WASHINGTON, D.C. — An umbrella group for Catholic philanthropy, calling it an effort to “change cultural norms” by increasing donor engagement, has developed a pledge for funders to use to connect their giving to guarantees there will be procedures to protect children and vulnerable adults from sexual abuse.

Foundations and Donors Interested in Catholic Activities, or FADICA, which was founded in 1976, calls it the “Funder Safeguarding Pledge” and said it is the key component of a multiyear initiative, “Commitment to Child and Vulnerable Adult Protection.”

The pledge, for FADICA members and their grantee partners, asks whether their organization has a safeguarding policy; “clearly defines appropriate and inappropriate boundaries between employees and youths”; has procedures for managing high-risk activities including overnight stays and electronic communications; screens employees for abuse risk; and has clear procedures for reporting abuse and suspicious behaviors.

So far, 17 of FADICA’s member partners have signed on, including the Assisi Foundation of Memphis, the Catholic Medical Mission Board, the Loyola Foundation, and the Conrad N. Hilton Foundation.

“By implementing this safeguarding initiative through the member network, the burden on any individual member decreases, and access for a larger number of grantee organizations increases,” FADICA said in a statement.

This is “particularly helpful for smaller, grassroots grantee-partners, who may not have devoted resources or personnel for safeguarding,” it added.

In a Feb. 25 webinar, Maria Robinson, chair of the FADICA board and a member of the Raskob Foundation for Catholic Activities, called it an “important first step within the philanthropic community, and we all have roles to play.”

Also in the webinar were Teresa Kettelkamp, a member of the Pontifical Commission for the Protection of Minors; Peter Laugharn, president and CEO of the Conrad N. Hilton Foundation; and Juan Carlos Cruz, an advocate for survivors of clergy sexual abuse and himself a survivor of abuse in Chile.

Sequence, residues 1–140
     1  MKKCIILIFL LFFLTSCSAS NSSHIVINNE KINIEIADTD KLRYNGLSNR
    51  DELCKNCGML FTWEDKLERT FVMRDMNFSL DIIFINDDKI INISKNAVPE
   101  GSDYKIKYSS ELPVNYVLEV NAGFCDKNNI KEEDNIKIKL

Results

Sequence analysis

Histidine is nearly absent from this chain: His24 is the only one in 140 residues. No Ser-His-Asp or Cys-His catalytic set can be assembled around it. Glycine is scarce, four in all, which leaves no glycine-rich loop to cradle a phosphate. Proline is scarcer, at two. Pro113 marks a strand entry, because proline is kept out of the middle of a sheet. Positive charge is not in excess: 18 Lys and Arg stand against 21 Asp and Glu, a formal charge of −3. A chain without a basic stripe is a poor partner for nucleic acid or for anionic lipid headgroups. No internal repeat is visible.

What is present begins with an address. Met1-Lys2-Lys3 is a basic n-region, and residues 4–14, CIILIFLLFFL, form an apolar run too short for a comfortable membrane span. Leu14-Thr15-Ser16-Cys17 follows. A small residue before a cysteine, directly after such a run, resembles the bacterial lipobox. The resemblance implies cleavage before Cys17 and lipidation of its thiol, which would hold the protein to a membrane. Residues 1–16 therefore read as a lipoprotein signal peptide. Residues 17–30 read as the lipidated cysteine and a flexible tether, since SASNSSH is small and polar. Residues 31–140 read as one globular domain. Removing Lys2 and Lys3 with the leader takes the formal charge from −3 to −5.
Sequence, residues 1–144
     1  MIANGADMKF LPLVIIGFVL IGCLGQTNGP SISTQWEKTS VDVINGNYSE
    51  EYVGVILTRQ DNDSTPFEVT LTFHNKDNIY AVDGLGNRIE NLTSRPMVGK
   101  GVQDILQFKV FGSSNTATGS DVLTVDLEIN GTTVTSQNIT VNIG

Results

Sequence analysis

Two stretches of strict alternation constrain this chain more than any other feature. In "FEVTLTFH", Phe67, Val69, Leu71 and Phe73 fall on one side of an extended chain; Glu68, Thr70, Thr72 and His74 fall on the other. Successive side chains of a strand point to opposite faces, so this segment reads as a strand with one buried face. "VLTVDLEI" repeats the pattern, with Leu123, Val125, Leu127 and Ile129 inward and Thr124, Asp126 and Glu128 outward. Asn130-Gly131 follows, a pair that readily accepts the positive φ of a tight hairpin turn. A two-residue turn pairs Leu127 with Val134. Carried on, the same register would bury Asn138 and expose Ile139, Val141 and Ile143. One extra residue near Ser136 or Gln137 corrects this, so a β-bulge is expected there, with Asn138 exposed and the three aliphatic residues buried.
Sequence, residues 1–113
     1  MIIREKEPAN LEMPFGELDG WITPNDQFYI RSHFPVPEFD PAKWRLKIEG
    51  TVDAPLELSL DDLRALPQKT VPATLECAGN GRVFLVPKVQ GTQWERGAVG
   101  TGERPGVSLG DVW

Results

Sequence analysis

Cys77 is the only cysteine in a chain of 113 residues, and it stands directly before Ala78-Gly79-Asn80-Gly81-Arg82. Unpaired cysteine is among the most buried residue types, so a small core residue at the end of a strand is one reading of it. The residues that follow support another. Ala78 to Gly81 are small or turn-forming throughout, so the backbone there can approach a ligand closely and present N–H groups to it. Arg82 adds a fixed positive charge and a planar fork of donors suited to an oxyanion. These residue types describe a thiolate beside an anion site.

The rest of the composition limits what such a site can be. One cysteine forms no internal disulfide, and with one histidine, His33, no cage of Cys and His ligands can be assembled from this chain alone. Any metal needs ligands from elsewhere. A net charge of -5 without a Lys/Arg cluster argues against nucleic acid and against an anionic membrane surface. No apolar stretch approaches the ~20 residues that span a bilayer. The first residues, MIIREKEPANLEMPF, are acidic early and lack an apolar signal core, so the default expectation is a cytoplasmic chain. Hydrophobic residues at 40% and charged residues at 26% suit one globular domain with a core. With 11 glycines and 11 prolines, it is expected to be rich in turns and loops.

In 2018, after Pope Francis sent investigators to look into abuse claims in Chile and confirm what Cruz and others said was taking place there, Cruz was welcomed to the Vatican by the pope to share his experience and recommendations.

“This should not be a top-down process handled solely by leadership. The key is to pass the baton to the base,” said Kettelkamp about the FADICA initiative. She is a former executive director of the U.S. Conference of Catholic Bishops’ Secretariat for Child and Youth Protection.

“This is a journey,” Laugharn said. “We’re all on a journey together.”

For so long, we have been so scared about talking about it,” Cruz said. “We can’t hold it in. So it is tremendously important for initiatives such as this with foundations that are leaders in this area.”

“People tend to be scared of survivors sometimes,” he added. “Sometimes people see survivors and they see a lawyer with dollar signs. We’re not like that.”

FADICA describes itself as “the leading philanthropic peer network serving as a catalyst for a vital Catholic Church, Catholic ministries and the common good.”

Alexia Kelley, FADICA president and CEO, formerly worked in President Barack Obama’s Office of Faith-Based and Neighborhood Partnerships, both in the Department of Health and Human Services, and at the White House.

She also worked at the Catholic Campaign for Human Development, the U.S. bishops domestic anti-poverty program (1993-2002) and was a co-founder of Catholics in Alliance for the Common Good.

The FADICA news release said that when reports on clergy sex abuse in the Catholic Church emerged again in 2018, FADICA members began working on what is now its “Funder Safeguarding Pledge” and multiyear initiative “Commitment to Child and Vulnerable Adult Protection.”